The championships were forced out of New Orleans in 2005 due to the catastrophic damage Hurricane Katrina wreaked upon the Superdome. They were moved to the opposite end of the state at Shreveport, but returned, along with the Saints, in 2006.
In the first year of the split, all nine championship games were held over three days at the Superdome. The next year, the select schools held their title games a week earlier than the non-select, and that continued through 2016 before all nine were returned to one weekend in 2017 and 2018.
In 2019, the LHSAA ruled the select schools had to find their own championship sites for football and basketball.
The smallest select division petitioned the LHSAA to play at the Superdome and was successful.
Sadly, the other three divisions were split between Tulane, UL Lafayaette, and worst, St. Thomas More High in Lafayette, marking the first title game in a high school stadium since 1980.
STM treated the game vs. New Orleans De La Salle as another home game, not as a true championship game. Terrible.
In 2020, COVID brought all schools back to one site, but it was shifted from the Superdome to Northwestern State University in Natchitoches, 65 miles south of Shreveport.
Last year, one select class played at the Superdome, two at UL Lafayette and one at Tulane.
This year, all eight title games are at the Superdome Dec. 8-10. Will it stay that way? Who knows.
The KSHSAA doesn’t get it. It never will. It’s sad to stage the state’s most important games at facilities which host junior colleges, Division II colleges and only high schools.
The KSHSAA also gave us the scourge of high school football overtime. Therefore, we will never, ever see what Brother Martin went through in the space of 18 days during the 1972 playoffs.
In my next post, I’ll go back 50 years to three games on three fields against two opponents.
LSU is getting hammered by Texas A&M. So much for the College Football Playoff.
I am so lazy. So freaking lazy. First post since my birthday and that was 36 days ago. Pillory me if you must. Actually, pillory me because I’m asking you to. I deserve it.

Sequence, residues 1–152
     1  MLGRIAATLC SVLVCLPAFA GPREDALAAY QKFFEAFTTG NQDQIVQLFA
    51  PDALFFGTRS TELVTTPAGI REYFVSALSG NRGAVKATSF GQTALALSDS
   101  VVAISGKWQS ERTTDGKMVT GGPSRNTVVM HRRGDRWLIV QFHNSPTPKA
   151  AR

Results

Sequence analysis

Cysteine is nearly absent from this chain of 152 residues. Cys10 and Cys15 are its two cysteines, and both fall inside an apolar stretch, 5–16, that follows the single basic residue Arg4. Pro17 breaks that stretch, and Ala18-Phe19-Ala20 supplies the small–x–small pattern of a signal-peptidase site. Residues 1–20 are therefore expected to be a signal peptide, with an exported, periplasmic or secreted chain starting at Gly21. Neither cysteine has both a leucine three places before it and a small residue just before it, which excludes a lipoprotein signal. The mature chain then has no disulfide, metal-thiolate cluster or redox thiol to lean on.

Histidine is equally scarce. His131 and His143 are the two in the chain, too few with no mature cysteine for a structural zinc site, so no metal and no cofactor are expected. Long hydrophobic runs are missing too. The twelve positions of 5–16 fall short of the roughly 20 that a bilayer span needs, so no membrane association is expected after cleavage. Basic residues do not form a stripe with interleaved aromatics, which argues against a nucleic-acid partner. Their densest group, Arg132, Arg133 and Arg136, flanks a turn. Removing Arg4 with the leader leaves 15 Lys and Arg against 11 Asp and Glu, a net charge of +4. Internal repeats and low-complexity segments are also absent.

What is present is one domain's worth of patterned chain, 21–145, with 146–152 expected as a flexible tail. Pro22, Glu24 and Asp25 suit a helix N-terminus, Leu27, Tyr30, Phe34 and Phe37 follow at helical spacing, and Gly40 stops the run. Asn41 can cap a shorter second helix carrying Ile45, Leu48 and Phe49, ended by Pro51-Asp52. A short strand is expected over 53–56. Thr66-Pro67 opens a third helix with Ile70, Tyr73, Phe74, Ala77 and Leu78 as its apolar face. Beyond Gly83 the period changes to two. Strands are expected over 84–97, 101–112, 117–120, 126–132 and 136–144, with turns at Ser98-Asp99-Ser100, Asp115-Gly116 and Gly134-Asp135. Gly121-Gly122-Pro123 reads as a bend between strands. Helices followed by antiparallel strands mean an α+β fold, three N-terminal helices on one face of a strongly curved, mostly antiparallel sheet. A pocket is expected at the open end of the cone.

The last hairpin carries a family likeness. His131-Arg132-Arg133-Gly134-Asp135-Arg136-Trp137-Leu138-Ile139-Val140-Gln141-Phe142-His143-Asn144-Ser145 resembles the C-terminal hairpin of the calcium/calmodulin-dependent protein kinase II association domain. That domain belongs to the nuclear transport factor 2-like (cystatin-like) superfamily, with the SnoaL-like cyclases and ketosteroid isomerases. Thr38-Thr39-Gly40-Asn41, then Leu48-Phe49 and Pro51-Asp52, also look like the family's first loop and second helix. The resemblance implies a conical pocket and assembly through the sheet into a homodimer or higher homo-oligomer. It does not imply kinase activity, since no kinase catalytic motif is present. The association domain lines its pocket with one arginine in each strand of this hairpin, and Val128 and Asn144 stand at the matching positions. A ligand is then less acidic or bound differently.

As I was lounging in my room at the Sheraton West Des Moines (sixth stay here in 13 months), I discovered the Iowa High School Athletic Association was televising its football state championship games live on the Fox affiliate for Central Iowa. I’m sure it was going out to affiliates in the Quad Cities, Cedar Rapids, Dubuque, Sioux City and Omaha, where there’s Council Bluffs and several other sizable communities on the east bank of the Missouri River.
Iowa has played its football title games at the University of Northern Iowa in Cedar Falls. The school has a domed stadium for football and basketball which seats a little over 16,000. It’s obviously not big enough for college football at the highest level, but UNI plays one level below Iowa and Iowa State, so it’s perfect for the Panthers. It was the stadium where Kurt Warner shot to stardom as UNI’s quarterback from 1990-93 before going on to become an Arena Football League legend with the Iowa Barnstormers, and later, the Pro Football Hall of Fame gunslinger most football fans knew from his years with the Rams and Cardinals.
Since the UNI Dome opened in 1976, the IHSAA has held its football championship games. Makes perfect sense, as Iowa gets pretty nippy in late November. Today’s temperature in Waterloo, which is Cedar Falls’ larger sister city just to the east, is minus-6 C (21 F). BRRRRRR for most; for me, not too bad.